Constructed without the use of internal columns, it included a refectory, chapel of St. Nicholas and tall, hipped bell-tower, and was decorated with ornamental shells, nalichniki window frames and kokoshniki arches. The includes an additional church with bell-tower on the right – that of St. Nicholas the Miracle-Worker in Nikolsky Pereulok, now Plotnikov Pereulok. A further church in the Prechistenka area is discernible in the distance.

воскресенье, 2 октября 2011 г.

Archnadzor rally at Pushkinskaya ploshchad.

On October 1, Archnadzor, a Moscow preservation society, organized a rally opposing the destruction of Moscow architectural landmarks. Around 700 people attended. The participants were Archnadzor activists, public figures, experts.
Konstantin Mikhailov, coordinator at heritage watchdog Arkhnadzor
As recently as May, Arkhnadzor was optimistic about the new Moscow city government’s construction policies, and praised the new administration’s efforts in protecting the capital’s historic sights.
Now, however, the movement is arguing that despite all the promises, historical buildings are no more protected by Mayor Sergei Sobyanin than they were by his predecessor Yury Luzhkov.
“Neither promises to ban new construction in the historic center, nor statements about cancelling previous decisions concerning historical buildings’ demolition has become a real guarantee of keeping the historical city,” Arkhnadzor stated.
 In 2011 Moscow has lost more than 10 historic buildings. In September the authorities demolished the Central Mosque, the Russian capital's oldest one. In August the “Veterenariya” pavilion, that was built in 1939 as part of a Soviet showcase of agricultural achievements, was burnt outIn July a property developer  destroyed a historic building on Bolshoi Kozikhinsky alley without permission. The demolition of the courtyard of the Glebov-Streshnyev-Shakhovsky Mansion in June was the culmination of a struggle that had been going on for several years. The Helikon Opera House, tenants of the mansion, wanted to create a new stage in the courtyard of the building. The work was halted by Acting Mayor Vladimir Resin in October 2010. Any work – demolition or construction – was illegal there. In May Capital Group destroyed Dom Kolbe on Bolshaya Yakimanka, claiming that “the front side fell down by itself”. So every month Archnadzor lamented at least one considerable loss of Moscow landmarks.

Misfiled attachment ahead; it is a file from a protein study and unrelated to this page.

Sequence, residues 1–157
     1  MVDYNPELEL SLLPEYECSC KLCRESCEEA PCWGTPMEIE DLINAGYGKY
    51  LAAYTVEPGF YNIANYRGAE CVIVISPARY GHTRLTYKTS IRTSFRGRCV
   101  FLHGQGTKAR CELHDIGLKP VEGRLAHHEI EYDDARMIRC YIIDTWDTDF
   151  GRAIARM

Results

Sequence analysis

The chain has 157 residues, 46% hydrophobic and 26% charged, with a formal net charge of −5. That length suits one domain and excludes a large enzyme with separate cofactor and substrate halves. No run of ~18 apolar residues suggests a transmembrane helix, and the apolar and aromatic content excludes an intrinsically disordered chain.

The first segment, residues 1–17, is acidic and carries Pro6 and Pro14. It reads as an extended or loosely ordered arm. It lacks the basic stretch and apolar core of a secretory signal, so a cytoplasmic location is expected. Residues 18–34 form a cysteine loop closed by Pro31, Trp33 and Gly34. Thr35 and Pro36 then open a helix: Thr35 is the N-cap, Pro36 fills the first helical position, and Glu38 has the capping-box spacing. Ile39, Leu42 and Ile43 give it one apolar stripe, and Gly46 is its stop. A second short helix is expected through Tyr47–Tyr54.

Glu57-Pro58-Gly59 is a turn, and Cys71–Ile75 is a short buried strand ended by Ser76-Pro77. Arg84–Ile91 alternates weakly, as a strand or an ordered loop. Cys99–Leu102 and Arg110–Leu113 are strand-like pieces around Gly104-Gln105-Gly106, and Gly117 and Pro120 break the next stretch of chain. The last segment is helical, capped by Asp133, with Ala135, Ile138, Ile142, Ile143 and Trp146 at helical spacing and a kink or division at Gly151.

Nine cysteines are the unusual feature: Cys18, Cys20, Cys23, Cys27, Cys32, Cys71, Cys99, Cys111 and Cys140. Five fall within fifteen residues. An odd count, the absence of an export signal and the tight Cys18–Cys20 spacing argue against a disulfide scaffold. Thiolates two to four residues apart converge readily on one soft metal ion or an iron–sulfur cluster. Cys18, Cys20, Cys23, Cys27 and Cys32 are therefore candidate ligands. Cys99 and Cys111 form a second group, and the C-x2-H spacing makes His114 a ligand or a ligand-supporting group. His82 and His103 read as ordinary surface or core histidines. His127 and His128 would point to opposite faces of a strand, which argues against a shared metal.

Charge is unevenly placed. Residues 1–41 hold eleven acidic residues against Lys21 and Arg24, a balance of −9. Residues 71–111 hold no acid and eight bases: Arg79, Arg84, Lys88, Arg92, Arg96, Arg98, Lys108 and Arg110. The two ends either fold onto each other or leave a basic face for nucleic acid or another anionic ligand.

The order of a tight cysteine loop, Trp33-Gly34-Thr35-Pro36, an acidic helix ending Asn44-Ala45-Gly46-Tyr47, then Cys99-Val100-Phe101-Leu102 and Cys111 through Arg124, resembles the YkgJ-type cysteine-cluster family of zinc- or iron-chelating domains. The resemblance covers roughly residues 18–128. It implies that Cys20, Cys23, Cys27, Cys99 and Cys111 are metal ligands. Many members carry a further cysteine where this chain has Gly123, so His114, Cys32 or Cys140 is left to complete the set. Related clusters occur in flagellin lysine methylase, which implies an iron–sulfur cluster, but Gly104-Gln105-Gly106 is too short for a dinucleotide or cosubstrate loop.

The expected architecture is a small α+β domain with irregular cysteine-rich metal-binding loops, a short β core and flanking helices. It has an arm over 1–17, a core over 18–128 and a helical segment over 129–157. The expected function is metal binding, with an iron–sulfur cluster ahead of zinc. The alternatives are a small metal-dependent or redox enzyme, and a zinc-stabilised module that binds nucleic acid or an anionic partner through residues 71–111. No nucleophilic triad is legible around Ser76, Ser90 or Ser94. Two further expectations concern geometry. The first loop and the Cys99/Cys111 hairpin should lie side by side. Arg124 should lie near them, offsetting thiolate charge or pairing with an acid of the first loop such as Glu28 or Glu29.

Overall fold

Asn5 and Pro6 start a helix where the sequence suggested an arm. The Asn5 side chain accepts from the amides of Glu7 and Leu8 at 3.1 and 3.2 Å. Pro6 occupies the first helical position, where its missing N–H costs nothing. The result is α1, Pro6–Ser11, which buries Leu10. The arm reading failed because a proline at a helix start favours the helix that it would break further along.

среда, 28 сентября 2011 г.

New Jerusalem. Istra

An Indian summer in the end of September a year ago gave us a chance to make a Sunday trip to New Jerusalem, a monastery near Istra outside Moscow. It was a gordgeous day though in the end of our tour we were stuck at the parking. But the latter is typical here.
New Jerusalem is also known as the Voskresensky (Resurrection) monastery. The town of Istra was also called Voskresensk before 1930. Apparently the splendid monastery is the greatest local asset.
Unlike other Moscow monasteries, this one had no military use. It was modelled in plan pretty accurately on the Church of the Holy Sepulchre in (old) Jerusalem by Nikon, the patriarch whose reforms drove the Old Believers from the Orthodox Church. The original design of the monastery was part of Nikon's deliberate intention to make Russia the third Rome and the centre of global Christian belief, leading to religious reforms, the ensuing schism and the formation of a group known as “old believers”. Tsar Alexei (father of Peter the Great) later used this rift as an excuse to exile the Patriarch, who was getting too powerful.